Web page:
Document Type


Publication Date


Publication Details

This report was originally published as Eagar, K et al, Effective Caring: a synthesis of the international evidence on carer needs and interventions, Centre for Health Services Development, University of Wollongong, 2007.


This report on Effective Caring aims to identify the needs of carers including the factors that sustain carers in their caring role, identify effective interventions and to develop and set out a prioritised research agenda in this area. The Effective Caring project has been carried out in several stages: § An international literature review § A workshop of key service delivery and academic experts aiming to identify: § Priorities for improving routine practice in carer support networks § Priorities for building a coherent research and development agenda § This final report that incorporates both the literature review and the outcomes of the workshop. This report addresses what has been gathered through a review of Australian and international academic and practice literature, and a concurrent analysis of policy and practice in Australia. The findings are designed to provide an evidence base, both for carer interventions and for a research agenda that complements and extends the work already done on understanding and assessing carers’ needs. The findings are presented in two volumes, one containing the background and methods and the findings set out as a synthesis of the evidence, and a second volume of attachments containing the detailed description of the material found in the search strategies. The national legislative and policy context shows a progressive growth of sophistication in the way that carers and their roles are understood, from marginal to more central in policy formation, and from a generalised part of the community care ‘integration problem’, to being treated as a segment of the population and a focus in the community care sector to be understood in its own right. The continuation of this trend towards a more central role for carers appears inevitable and has a number of implications. Within the specific carer support programs there is likely to be continued development and expansion of the National Respite for Carers Program (NRCP) and State and Territory based carer support programs. The focus on carer support interventions within the mainstream of service provision implies a more consistent approach to carers across the range of human service programs. If that likely growth is underpinned by coherent and effective intervention strategies, then the essential next step is a carefully prioritised and sequenced program of research and development. From the review carried out for this project the States and Territories and advocacy groups point out there is clearly scope for work within the carer support sector toward a clearer division of labour and combined effort, a focus on restorative and rehabilitation strategies, and providing a common a base for training and support for carers and workers in the community care sector. If improving the focus on carer support interventions is to avoid fragmentation and to mesh with the wider system reform agendas, then that implies a consistent approach (at the very least): between sub-programs within the NRCP; the systems of income support for carers; the disability sector; and State and Territory based carer support programs.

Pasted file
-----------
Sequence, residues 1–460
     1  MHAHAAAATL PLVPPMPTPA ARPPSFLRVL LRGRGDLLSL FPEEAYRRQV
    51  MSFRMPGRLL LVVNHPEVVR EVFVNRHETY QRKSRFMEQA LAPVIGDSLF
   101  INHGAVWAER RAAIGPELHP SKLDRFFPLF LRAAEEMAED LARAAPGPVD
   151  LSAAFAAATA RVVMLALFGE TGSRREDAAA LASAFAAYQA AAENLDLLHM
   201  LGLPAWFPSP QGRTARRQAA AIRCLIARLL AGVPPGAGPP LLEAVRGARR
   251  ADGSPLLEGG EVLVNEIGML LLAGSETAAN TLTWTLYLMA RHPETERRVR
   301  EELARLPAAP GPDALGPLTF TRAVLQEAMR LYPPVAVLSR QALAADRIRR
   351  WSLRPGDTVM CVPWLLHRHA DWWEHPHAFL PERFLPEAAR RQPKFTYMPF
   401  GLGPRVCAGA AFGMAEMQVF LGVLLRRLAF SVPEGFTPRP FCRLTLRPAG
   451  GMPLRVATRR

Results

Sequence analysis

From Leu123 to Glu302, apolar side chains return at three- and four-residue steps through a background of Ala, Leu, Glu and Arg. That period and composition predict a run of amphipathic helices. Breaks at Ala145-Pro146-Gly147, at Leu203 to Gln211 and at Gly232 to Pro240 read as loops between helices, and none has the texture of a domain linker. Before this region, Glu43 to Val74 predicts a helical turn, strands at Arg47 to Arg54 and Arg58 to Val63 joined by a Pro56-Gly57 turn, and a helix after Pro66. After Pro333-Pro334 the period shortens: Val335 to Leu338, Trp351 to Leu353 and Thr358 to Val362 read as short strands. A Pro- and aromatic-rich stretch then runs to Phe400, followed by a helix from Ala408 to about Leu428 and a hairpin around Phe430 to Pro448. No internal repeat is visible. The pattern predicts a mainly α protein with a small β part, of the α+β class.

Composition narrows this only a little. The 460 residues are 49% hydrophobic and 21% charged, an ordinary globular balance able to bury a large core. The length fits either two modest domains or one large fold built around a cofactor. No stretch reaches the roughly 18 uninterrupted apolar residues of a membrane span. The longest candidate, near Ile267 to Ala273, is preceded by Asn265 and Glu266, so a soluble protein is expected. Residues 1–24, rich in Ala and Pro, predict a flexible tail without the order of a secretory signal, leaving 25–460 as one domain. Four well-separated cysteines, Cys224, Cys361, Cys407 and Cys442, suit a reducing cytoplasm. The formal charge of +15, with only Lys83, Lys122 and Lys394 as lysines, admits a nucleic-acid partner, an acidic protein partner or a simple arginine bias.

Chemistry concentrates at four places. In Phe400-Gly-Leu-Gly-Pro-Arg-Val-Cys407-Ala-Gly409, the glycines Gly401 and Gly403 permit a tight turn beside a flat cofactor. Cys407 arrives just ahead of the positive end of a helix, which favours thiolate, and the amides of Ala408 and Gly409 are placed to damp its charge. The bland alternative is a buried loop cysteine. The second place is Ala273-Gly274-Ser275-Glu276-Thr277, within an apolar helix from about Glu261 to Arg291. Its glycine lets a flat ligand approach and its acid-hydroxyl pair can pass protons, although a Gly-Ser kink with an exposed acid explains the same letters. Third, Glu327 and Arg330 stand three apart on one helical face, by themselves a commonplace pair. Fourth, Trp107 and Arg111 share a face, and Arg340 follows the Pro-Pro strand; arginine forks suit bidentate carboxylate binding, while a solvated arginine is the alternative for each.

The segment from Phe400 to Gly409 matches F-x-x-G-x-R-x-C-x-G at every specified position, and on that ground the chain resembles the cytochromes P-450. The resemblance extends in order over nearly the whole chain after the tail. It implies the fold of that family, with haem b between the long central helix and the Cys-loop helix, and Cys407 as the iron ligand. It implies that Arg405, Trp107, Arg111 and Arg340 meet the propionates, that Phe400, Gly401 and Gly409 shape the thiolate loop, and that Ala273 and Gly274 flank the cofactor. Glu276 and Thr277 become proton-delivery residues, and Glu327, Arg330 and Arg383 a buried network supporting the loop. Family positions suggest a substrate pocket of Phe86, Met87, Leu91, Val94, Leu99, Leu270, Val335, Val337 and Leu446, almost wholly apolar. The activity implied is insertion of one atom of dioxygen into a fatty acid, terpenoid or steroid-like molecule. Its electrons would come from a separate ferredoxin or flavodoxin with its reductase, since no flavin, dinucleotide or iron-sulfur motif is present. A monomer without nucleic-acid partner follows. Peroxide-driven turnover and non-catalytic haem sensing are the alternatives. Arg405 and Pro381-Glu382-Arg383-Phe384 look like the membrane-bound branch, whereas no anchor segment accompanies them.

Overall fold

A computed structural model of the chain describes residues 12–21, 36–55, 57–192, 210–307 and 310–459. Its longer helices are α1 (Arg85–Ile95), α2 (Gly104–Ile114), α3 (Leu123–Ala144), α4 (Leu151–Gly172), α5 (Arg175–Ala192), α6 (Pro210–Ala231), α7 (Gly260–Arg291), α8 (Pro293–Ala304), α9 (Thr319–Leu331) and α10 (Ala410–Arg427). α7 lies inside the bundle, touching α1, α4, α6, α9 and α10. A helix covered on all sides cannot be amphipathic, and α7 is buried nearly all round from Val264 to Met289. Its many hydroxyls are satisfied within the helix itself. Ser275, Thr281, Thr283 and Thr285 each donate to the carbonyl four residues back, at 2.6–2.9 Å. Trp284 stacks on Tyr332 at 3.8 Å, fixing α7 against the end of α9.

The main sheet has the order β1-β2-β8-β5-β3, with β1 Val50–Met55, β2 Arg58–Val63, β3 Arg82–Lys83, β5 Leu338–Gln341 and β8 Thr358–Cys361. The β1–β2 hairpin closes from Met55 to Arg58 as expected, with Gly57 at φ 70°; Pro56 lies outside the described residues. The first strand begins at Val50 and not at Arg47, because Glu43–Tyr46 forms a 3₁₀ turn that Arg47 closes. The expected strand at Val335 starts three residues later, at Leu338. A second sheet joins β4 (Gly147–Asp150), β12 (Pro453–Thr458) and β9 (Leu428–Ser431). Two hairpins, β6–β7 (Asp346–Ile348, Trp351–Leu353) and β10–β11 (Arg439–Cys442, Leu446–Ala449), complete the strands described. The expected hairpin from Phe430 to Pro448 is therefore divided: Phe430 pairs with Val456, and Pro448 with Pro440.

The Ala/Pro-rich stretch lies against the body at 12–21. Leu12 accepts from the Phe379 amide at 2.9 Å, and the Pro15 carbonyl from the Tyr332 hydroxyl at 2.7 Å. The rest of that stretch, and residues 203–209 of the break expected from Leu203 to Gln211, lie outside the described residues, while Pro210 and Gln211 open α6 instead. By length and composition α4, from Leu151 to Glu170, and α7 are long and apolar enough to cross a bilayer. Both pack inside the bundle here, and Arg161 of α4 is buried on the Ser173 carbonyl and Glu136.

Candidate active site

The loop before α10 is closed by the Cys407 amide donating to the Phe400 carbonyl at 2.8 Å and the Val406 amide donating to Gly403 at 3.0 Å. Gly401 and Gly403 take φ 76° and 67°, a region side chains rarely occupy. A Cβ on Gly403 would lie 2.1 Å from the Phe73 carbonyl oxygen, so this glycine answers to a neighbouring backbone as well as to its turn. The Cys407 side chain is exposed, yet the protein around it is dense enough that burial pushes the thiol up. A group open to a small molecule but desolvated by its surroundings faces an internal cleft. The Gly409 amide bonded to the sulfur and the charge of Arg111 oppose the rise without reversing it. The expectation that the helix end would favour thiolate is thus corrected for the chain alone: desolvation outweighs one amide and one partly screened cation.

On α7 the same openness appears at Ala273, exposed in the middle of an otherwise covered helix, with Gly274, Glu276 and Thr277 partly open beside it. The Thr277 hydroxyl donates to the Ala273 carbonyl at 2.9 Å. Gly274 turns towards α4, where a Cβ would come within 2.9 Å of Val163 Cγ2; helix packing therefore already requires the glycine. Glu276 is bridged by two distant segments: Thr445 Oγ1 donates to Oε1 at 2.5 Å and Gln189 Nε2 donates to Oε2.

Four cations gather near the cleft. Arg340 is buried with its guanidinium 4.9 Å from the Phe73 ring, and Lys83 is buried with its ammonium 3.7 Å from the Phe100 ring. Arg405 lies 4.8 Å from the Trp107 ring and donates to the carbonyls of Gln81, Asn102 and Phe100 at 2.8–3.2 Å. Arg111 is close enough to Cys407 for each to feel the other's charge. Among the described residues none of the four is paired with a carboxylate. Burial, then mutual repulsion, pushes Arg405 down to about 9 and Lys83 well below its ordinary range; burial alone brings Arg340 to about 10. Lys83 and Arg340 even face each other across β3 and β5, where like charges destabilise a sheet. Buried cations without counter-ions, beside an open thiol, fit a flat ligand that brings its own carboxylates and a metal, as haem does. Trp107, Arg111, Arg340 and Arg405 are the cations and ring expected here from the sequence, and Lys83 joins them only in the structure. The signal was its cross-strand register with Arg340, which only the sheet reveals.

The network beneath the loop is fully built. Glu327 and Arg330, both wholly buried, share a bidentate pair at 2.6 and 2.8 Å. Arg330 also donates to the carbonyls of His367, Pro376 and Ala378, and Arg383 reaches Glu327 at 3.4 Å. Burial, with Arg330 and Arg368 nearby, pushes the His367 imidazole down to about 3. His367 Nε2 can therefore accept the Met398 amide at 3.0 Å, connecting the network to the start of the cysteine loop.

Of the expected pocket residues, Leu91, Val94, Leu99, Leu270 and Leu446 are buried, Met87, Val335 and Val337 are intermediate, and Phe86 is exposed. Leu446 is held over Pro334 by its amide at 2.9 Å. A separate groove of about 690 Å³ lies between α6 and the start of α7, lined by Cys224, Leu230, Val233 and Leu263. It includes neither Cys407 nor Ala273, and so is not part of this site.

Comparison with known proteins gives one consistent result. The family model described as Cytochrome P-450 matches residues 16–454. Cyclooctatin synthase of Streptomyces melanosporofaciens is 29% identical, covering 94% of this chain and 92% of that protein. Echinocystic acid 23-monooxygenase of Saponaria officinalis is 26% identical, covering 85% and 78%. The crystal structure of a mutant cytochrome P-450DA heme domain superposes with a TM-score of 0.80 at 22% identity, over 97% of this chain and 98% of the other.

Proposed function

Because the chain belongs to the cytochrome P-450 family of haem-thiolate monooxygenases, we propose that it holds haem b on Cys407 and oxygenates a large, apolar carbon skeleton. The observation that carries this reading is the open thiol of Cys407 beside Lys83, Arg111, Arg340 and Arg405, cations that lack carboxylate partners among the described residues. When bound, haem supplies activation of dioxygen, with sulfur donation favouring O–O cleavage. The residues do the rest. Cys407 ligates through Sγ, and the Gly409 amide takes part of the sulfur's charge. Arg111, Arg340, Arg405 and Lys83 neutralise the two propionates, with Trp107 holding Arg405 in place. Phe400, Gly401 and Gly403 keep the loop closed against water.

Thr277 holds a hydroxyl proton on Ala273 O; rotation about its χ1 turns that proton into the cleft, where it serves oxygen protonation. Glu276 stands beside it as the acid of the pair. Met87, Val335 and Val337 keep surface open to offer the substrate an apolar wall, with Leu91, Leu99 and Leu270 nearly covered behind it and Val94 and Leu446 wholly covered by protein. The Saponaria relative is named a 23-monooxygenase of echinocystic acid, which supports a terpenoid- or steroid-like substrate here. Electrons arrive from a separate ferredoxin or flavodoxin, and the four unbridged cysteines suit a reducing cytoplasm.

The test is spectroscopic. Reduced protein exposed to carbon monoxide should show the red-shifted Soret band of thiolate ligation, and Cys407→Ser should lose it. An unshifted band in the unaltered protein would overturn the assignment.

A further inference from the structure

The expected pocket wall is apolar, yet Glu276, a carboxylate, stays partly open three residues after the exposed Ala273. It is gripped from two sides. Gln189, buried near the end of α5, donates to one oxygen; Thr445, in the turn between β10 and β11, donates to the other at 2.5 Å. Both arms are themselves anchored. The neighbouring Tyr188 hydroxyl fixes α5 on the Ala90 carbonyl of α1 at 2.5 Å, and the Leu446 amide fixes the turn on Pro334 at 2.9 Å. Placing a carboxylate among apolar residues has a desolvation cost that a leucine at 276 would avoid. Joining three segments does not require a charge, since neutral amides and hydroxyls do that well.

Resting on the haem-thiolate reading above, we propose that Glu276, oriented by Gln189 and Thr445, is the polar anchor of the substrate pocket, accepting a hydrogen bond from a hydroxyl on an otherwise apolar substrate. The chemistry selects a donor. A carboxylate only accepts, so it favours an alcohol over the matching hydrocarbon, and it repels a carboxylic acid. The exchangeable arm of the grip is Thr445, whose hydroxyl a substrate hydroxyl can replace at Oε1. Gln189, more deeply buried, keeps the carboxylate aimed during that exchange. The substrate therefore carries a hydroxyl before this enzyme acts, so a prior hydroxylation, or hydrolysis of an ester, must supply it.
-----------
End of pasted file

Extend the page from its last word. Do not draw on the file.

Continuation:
Appendices.pdf (899 kB)